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Chamber gives upbeat economic report to area leaders
Expansion, construction fueling local job market
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Jobseekers wait in line to see representatives of Wrigley’s at the Gainesville Civic Center during the Greater Hall Chamber of Commerce’s annual job fair and expo in April. About 900 attended the event which featured 60 employers. - photo by File photo

Jobs seem to be breaking out all over, thanks to industry expansions, new construction and an apparently recharged Hall County economy.

“Everybody in our construction trades … is really busy at the moment,” said Tim Evans, vice president of economic development for the Greater Hall Chamber of Commerce. “We’ve got almost 1.2 million square feet of commercial and industrial space under construction right now.

“In the long term — and that’s what we really measure at the chamber — that (work translates to) 1,400 new jobs and $204 million in capital investment.”

Evans, along with Shelley Davis, the chamber’s vice president overseeing existing industry, gave the glowing report to the Joint Municipal Association, a group of area city leaders, meeting Monday night at Gillsville City Park.

They distributed copies of the chamber’s 2015 Economic Development Report, which details progress made in various sectors, including housing, retail, education and health care.

One of the key examples of industrial growth includes Wm. Wrigley Jr. Company, a Flowery Branch chewing gum plant planning an expansion that will mean 170 new jobs for the area.

When completed, the expansion will make the plant “the largest … chewing gum manufacturer in the world,” the report states.

Another major job producer has been Northeast Georgia Medical Center’s new Braselton campus, which opened April 1. The 100-bed hospital already is expanding to including obstetrics services.

Evans noted that the area around the new South Hall hospital — or Ga. 347/Friendship Road at Ga. 211/Old Winder Highway — is turning into a medical community, although “significantly smaller than (the one) in Gainesville.”

Still, taken together, all the health care spots in the county account for 13,000 jobs.

“And it’s a pretty meaningful employment base,” as the average salary for that sector is about $50,000, Evans said.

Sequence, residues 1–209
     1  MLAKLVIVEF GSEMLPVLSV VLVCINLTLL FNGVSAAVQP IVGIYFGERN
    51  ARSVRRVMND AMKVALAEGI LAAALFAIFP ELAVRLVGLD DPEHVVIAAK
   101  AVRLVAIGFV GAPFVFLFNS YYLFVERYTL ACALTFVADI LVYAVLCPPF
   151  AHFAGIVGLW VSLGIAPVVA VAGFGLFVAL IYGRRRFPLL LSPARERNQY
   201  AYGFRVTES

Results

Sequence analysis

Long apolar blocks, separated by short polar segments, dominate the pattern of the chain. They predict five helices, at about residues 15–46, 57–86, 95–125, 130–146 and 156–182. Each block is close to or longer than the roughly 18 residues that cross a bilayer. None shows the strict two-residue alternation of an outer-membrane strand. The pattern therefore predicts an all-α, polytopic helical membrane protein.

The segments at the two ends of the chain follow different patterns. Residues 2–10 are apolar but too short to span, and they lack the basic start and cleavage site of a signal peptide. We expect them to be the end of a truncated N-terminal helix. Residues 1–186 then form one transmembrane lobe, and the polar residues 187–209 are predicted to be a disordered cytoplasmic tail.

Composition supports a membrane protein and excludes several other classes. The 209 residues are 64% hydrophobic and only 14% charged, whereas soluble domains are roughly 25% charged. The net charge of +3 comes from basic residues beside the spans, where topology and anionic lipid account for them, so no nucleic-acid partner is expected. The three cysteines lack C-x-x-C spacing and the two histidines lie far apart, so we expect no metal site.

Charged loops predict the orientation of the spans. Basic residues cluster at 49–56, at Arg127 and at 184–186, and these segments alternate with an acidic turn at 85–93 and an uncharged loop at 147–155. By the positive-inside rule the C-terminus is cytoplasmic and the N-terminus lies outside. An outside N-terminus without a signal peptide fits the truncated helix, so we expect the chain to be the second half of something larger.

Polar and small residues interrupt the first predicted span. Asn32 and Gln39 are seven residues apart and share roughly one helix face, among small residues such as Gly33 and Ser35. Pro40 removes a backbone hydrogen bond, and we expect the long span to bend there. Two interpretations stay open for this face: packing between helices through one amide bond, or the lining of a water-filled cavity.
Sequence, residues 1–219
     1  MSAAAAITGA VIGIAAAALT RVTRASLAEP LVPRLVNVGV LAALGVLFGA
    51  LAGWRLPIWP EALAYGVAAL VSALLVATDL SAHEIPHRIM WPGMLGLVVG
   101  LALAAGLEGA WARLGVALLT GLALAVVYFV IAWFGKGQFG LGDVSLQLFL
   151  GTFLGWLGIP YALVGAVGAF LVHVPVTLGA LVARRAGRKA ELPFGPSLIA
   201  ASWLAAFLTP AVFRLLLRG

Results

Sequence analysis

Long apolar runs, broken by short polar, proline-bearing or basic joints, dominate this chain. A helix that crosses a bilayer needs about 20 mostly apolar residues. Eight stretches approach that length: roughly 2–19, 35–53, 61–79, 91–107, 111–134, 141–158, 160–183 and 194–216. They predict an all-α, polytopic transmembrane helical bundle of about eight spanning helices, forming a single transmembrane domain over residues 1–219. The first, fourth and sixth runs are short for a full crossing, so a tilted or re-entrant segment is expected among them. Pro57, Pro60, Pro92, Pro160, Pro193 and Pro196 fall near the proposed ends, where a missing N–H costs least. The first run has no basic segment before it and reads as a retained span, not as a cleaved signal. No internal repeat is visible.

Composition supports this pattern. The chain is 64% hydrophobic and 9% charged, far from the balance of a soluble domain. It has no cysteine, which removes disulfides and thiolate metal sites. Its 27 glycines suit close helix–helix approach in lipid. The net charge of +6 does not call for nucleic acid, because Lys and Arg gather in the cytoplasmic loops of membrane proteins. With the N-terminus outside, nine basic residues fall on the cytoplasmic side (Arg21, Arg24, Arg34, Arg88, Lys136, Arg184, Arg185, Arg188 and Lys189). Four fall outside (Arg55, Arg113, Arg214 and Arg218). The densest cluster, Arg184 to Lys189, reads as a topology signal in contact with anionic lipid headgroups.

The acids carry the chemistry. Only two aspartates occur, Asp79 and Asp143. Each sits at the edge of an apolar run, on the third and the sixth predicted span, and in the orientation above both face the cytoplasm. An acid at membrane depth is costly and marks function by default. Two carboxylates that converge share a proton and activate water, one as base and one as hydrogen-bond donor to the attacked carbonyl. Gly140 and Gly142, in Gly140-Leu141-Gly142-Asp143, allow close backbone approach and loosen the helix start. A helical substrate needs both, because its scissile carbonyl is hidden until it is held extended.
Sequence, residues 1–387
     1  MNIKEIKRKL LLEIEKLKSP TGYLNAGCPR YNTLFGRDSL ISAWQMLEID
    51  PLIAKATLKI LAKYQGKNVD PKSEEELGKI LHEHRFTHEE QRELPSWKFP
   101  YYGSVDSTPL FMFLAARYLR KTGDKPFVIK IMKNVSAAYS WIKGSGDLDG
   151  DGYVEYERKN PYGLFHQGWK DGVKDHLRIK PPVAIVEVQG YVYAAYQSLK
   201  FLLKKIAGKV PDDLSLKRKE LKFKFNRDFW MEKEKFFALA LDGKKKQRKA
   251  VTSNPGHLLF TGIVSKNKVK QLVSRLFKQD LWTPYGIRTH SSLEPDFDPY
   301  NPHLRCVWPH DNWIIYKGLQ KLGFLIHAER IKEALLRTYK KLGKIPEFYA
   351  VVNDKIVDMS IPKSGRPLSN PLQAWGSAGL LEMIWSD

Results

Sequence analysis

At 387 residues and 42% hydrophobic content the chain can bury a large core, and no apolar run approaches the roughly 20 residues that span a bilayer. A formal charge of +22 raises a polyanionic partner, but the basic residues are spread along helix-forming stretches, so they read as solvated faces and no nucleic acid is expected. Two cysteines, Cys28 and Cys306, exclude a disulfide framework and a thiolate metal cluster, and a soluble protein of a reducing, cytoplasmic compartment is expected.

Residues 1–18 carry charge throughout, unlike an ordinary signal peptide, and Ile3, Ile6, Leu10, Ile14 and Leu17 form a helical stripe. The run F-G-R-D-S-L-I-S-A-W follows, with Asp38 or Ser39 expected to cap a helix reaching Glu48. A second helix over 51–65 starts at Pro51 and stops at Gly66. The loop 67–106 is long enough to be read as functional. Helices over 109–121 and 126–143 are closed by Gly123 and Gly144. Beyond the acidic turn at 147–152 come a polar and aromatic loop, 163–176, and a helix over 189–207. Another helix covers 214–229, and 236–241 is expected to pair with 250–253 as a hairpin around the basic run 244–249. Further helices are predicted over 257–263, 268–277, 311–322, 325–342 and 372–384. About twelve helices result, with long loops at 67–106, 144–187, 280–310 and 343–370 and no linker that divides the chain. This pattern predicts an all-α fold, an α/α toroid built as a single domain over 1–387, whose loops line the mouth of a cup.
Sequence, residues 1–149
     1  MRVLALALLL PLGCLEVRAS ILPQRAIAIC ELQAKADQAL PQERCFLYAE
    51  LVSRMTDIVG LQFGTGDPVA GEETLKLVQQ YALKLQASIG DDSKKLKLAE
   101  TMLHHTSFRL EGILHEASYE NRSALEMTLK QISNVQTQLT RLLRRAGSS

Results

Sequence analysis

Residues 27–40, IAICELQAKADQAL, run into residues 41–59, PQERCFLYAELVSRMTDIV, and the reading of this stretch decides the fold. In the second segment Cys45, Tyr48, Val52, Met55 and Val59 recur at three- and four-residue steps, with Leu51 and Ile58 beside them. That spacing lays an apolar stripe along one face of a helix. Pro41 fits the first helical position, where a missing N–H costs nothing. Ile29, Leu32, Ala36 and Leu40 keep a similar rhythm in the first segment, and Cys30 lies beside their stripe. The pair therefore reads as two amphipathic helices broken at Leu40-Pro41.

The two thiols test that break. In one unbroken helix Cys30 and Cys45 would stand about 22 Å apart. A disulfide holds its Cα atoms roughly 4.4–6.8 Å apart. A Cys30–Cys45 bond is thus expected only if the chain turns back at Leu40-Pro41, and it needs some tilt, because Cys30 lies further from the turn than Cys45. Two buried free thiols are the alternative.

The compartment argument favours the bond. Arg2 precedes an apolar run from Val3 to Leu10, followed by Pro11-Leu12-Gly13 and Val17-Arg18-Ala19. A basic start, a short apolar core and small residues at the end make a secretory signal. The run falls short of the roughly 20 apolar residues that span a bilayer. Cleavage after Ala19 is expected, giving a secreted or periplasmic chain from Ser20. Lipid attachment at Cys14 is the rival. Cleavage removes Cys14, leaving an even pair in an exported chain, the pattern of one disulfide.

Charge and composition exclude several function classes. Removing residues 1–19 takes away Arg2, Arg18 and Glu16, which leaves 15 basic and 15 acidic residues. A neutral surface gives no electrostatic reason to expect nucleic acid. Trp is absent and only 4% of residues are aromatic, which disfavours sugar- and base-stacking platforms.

He also noted a couple other large expansions, including a recent announcement by Performance Foodservice Milton that it plans to build a 521,135-square-foot warehouse off Old Oakwood Road near Mundy Mill Road in Oakwood.

That project is triggering an effort by Oakwood officials to seek grants that would help with improvements to Old Oakwood Road, City Manager Stan Brown said.

Kubota Manufacturing of America off Ramsey Road in Gainesville is involved in one of the area’s largest expansions — a  $100 million plant off Ga. 365 in North Hall, adding more than 600 jobs.

Simpson’s Trucking & Grading in Gainesville “is going to just about move their equipment from Kubota down to (Performance Foodservice),” Evans said.

And that’s “exciting to see,” he added.

“Those are local jobs that are staying local,” Evans said.

Forging relationships with existing industries is key, he said.

“It’s so much easier to work with a company on its expansion needs … when you’ve already got a relationship,” Evans said.

He also referred to construction taking place on North Lake Square, a planned 200,000-square-foot shopping center off Ga. 53/Dawsonville Highway and near Ahaluna Drive.

The center is expected to feature Hobby Lobby, Chipotle and Academy Sports + Outdoors, all  slated to open this fall or winter.

Overall, times are a lot different now than during and in the aftermath of the 2007-09 Great Recession, especially in the housing sector.

Gainesville Mayor Danny Dunagan said the city issued one residential permit in the first six months of 2010, compared to 188 in the first six months of this year.

“That’s huge growth,” he said.

 

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